One cannot solely blame the Greek people. The real villains in the piece are all the governments around the world who subscribe to the fantastical Keynesian economic theory of creating money out of thin air to lend to banks to drive economic growth. The reality is that so-called quantitative easing only drives asset price bubbles and does little for real economic growth (which is a factor of the increasingly efficient use of capital, not of an increase in the price of assets). That's why real estate and stock markets have reached record highs during the period of nil or low economic growth in Western economies since 2007.

Asset price bubbles inevitably burst, then everything comes crashing down. Watch this space.

Thursday, June 25, 2015

Mass Killings, Gun Control and Individual Rights

The recent shooting of nine people in a church in Charleston, South Carolina, allegedly by a young man acting out of a racist motivation, was a terrible thing. I have relatives in that city (including African-American relatives) and I can only imagine the horror they must feel at this dreadful crime so close to home. But the horror that is felt by Charlestonians is not helped by the opportunistic comments by President Obama and others about gun control.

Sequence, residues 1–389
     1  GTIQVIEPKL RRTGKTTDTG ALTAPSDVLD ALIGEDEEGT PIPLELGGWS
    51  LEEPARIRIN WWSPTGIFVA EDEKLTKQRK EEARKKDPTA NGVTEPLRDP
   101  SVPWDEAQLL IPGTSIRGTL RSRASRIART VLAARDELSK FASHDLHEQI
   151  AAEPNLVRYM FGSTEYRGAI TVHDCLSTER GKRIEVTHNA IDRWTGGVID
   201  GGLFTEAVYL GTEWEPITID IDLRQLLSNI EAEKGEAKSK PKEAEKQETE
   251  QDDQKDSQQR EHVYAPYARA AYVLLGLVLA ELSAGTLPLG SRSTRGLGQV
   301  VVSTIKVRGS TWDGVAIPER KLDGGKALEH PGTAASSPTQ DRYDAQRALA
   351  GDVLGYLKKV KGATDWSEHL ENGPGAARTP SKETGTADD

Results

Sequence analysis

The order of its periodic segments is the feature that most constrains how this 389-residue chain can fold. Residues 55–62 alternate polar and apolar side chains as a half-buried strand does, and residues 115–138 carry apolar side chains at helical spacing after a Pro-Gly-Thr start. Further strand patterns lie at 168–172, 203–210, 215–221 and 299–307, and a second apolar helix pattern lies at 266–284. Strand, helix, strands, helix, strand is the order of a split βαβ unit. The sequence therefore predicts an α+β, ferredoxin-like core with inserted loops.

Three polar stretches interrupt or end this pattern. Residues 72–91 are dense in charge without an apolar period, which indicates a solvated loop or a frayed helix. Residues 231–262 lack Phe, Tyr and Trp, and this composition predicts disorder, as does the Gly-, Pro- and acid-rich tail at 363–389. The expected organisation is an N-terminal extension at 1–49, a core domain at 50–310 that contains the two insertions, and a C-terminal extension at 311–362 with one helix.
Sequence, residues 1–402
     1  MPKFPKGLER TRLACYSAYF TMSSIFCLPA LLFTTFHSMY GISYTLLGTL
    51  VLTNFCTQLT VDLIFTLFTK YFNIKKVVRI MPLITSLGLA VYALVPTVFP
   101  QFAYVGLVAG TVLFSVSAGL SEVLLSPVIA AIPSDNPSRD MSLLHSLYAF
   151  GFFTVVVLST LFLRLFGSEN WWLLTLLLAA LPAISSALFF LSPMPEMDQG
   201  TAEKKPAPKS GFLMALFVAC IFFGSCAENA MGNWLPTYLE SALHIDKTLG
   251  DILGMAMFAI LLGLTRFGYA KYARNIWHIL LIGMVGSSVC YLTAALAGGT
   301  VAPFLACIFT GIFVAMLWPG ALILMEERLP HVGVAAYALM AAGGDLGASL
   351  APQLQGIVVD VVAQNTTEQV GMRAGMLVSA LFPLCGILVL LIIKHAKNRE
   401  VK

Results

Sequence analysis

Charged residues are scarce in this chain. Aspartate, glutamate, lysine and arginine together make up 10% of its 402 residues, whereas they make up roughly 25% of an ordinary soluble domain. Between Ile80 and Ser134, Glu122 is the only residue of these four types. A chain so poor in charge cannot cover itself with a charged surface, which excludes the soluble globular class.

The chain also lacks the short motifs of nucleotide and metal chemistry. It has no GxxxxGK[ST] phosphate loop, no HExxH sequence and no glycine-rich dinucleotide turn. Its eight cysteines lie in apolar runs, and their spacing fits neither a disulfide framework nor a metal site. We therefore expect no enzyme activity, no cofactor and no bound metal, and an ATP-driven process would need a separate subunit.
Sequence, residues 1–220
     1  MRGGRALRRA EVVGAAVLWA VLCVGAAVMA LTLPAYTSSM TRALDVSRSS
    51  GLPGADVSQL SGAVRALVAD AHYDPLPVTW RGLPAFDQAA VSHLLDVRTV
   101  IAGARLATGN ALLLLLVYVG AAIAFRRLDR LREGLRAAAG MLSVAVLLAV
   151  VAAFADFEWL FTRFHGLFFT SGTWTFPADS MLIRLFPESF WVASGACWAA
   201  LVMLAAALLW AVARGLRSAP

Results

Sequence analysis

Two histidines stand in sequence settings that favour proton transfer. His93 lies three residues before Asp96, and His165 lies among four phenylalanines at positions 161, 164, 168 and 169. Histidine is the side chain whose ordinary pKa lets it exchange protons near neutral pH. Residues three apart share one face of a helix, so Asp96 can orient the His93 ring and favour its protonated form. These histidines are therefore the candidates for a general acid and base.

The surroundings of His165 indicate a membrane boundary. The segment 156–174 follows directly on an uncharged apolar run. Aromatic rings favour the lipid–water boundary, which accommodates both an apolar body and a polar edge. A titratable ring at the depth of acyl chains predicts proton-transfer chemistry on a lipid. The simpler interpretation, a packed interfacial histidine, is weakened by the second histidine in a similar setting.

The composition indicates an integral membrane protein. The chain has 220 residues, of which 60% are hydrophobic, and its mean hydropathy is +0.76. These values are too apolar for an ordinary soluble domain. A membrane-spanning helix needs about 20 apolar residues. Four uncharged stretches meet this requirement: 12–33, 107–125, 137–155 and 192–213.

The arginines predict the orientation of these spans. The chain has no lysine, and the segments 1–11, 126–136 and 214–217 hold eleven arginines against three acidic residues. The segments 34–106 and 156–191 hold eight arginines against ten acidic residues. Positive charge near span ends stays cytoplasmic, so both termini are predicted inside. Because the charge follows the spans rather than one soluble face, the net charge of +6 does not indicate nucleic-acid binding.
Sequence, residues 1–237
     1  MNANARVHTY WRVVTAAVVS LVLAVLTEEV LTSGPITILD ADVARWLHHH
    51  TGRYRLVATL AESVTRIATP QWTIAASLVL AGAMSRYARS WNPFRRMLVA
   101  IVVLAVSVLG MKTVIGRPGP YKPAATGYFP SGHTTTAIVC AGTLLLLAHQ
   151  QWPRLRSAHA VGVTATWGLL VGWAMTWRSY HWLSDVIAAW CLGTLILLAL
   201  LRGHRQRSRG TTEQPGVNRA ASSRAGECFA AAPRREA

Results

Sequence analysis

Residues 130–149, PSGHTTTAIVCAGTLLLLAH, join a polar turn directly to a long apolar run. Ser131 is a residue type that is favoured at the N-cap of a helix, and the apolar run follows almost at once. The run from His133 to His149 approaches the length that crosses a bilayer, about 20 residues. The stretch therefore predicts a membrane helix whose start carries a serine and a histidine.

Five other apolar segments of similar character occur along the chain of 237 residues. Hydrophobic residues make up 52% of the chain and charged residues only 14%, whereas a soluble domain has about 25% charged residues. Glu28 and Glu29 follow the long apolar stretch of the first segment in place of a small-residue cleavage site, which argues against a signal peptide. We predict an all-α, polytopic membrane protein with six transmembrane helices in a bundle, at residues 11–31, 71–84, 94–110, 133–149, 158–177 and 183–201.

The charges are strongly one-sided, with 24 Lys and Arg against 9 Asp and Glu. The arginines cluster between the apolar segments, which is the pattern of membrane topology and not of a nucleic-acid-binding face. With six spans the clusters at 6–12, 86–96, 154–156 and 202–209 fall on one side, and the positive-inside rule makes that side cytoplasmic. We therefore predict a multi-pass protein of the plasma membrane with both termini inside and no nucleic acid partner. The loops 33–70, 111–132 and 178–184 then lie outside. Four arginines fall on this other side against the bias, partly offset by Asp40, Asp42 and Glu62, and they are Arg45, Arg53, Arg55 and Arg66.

Obama said that "this type of mass violence does not happen in other advanced countries". He is wrong. This type of mass violence has occurred even here in comparatively peaceful New Zealand (with numerous incidents from the killing of 14 in Aramoana in 1990 to the six killed in Raurimu in 1997), and in other countries such as the 77 killed in Norway in 2011 and 35 killed in Australia in 1996. America has had the most incidents of mass shootings of any Western nation in recent years but proportionately it is only 6th on the list in number of fatalities and it is only 111th out of 218 countries in terms of total firearm homicides (see this Wikipedia article).